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This photograph was taken in 1936 at Camp 14, a portable sawmill operating on the east side of the Kootenay River, more than twenty kilometres from Canal Flats, British Columbia. The camp was operated by the Canadian Pacific Railway, and the workers were cutting railway ties from larch logs.

The mills operated in all seasons and were well-suited to British Columbia’s dry interior forests. The CPR had extensive tie reserves in the Kootenay River Valley, and the portable mill was moved around the cut block as needed.

In the middle of the photo is Gordon Kennedy, holding a dog named Pug. On the right is Jim Robinson, who was born in Lethbridge in May 1905, just a few months before Alberta became a province. Robinson had a long career in the British Columbia Forest Service, ending as a scaling inspector in the Kamloops Forest District.

As can be seen in the photo, hard hats were not required in 1936! Frozen logs were among the hazards for workers, and Robinson had his front teeth knocked out shortly after this photo was taken.

Submitted by George Robinson of Castlegar, British Columbia, son of Jim Robinson.

This photo reveals none of the trauma or turmoil that Sabrina Brik and her daughter, Miriam, have already experienced as they await an uncertain future in a Jewish refugee camp in Kishiniv, Romania. It is 1920, and their flight from Ukraine has been accomplished via horse-drawn cart and river ferry. Miriam’s head has been shaved to prevent lice or to stop infection.

Sabrina, fair and blue-eyed, was allowed to sit beside the cart driver, but five-year-old Miriam, dark-haired and dusky, was hidden under a tarpaulin. It was their second attempt to escape revolution-torn Russia; on their first they had been caught and put in jail. Sabrina’s husband, Joseph, had been killed as a conscript in the Russian Army in 1916.

For the next three years, Sabrina, known as Shifra, eked out a hand-to-mouth existence in Romania. Their fortunes turned when the Jewish Immigration Society arranged an exit permit allowing them to leave for Canada. The S.S. Madonna docked in Halifax on May 29, 1924.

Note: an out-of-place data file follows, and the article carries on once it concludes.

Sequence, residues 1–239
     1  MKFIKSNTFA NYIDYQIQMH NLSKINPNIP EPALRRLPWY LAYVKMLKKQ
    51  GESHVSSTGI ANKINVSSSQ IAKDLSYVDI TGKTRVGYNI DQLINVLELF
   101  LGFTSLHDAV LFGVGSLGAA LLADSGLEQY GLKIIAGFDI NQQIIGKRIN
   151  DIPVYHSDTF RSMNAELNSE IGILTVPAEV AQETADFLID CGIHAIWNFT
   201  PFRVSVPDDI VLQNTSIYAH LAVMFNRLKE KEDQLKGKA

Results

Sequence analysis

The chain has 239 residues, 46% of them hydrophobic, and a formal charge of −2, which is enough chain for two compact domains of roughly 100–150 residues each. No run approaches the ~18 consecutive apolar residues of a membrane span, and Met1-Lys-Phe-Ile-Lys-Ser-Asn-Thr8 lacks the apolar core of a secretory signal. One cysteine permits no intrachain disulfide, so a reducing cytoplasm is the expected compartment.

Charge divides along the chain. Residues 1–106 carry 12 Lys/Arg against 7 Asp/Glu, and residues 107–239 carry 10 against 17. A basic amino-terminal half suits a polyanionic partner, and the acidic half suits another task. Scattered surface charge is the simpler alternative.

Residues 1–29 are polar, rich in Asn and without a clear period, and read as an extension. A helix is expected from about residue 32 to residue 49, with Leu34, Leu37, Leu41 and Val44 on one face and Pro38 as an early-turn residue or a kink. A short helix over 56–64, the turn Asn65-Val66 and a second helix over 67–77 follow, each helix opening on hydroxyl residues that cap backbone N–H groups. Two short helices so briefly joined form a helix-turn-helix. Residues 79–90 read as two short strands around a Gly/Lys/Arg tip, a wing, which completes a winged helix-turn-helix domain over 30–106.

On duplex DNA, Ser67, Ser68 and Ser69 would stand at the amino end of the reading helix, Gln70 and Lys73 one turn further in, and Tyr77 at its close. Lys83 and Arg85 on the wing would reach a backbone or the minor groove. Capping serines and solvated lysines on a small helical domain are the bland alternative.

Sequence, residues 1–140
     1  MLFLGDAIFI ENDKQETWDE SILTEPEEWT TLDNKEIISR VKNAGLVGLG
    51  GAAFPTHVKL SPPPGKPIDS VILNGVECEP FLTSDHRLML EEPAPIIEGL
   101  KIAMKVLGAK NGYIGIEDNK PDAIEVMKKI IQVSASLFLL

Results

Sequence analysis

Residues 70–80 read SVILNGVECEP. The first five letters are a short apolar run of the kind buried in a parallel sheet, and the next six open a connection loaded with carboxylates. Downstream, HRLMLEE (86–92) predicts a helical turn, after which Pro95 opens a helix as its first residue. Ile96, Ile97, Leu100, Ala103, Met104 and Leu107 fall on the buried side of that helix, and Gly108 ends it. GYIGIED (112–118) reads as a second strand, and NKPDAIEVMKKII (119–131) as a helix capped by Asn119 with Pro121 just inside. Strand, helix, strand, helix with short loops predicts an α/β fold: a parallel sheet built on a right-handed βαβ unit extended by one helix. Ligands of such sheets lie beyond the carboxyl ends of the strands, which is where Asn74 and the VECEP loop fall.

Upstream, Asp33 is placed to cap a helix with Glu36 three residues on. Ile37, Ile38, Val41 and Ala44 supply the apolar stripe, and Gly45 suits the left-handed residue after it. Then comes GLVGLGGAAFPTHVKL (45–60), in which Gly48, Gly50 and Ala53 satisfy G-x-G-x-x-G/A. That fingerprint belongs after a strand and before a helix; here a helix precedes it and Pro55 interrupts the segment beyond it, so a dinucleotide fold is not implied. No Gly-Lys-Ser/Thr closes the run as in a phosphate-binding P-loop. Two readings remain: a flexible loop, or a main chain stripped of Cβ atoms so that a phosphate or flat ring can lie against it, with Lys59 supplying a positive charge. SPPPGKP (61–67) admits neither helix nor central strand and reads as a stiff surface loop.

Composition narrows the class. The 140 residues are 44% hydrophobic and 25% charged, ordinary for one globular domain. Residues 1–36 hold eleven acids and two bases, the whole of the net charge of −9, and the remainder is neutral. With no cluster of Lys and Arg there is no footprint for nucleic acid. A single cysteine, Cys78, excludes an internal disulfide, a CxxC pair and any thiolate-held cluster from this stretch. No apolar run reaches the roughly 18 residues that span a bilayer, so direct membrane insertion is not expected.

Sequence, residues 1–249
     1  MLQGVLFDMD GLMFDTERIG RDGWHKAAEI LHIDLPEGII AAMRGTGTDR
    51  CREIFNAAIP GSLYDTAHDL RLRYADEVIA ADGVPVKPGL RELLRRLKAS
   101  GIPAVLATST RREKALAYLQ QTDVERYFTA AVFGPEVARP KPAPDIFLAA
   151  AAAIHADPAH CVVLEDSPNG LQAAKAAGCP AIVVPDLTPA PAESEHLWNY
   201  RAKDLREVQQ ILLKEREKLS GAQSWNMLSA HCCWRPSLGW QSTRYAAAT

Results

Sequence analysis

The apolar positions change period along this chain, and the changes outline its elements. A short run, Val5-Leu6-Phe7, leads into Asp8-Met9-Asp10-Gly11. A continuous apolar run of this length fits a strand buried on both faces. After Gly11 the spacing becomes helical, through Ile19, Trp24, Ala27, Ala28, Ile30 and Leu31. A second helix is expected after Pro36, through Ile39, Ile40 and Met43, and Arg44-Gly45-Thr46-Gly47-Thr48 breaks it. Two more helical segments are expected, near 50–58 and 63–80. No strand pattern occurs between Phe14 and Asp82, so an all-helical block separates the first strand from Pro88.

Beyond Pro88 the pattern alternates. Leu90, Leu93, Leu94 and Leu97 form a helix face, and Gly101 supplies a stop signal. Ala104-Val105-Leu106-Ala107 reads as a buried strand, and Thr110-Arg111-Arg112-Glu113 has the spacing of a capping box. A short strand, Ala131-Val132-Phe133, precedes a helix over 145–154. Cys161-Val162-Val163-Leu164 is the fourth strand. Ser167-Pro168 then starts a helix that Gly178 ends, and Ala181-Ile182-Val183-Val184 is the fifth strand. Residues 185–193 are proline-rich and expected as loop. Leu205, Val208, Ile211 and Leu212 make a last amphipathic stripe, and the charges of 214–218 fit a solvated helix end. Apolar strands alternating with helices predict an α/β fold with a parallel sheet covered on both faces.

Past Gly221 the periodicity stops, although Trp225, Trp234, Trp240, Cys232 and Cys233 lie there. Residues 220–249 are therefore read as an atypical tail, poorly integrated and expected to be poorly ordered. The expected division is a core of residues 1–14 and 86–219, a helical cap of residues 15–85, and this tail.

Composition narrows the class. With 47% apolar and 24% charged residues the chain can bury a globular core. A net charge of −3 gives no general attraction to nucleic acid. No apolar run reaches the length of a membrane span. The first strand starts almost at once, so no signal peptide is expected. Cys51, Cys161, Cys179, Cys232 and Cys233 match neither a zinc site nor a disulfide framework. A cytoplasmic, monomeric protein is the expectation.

Sabrina found work in a Toronto hat factory, went to night school to learn English, and saved enough to bring her mother to Canada. In 1938 she married Hershel Wasser, an accountant who later owned a women’s wear store. Miriam became known as Mucie and, because she had a late start in school, attended classes with younger children. She learned Yiddish at the Hebrew Free School, where she met her future husband, Kip Kaplansky. After their marriage in 1934, they went to Palestine, where they spent three years at a kibbutz. Their first home was in an abandoned chicken coop.

Mucie and Kip returned to Canada in time to escape the outbreak of the Second World War. Their daughter Noga was born in Palestine, and twin boys Ron and Joel were born in Toronto in 1939 — the year Canada turned back the Jewish refugee ship M.S. St. Louis, consigning its occupants to their fates in Nazi death camps. Kip became owner of a bakery, and Mucie worked as a school secretary. Shifra died in 1982, Mucie in 2010. She left ten grandchildren and eight great-grandchildren.

Submitted by Ron Kaplansky of Toronto, son of Miriam, later Mucie (Brik) Kaplansky.

During 1957 and 1958, my father, Bill Leenhouts, worked for a Texas company that specialized in building river crossings for the TransCanada natural gas pipeline. At that time it was the longest in the world.

In 1957, he worked on the Île aux Tourtes crossing to the Île de Montréal under the Ottawa River. It involved long days, seven days a week, but the pay was good, and it was close to our home on Île Perrot, Quebec.

Crossing a river required special preparations of the pipe, including covering it with tar and then wrapping it with brown paper. A cone was placed in the end of the pipe, which was then pushed into the riverbed to reach the other side.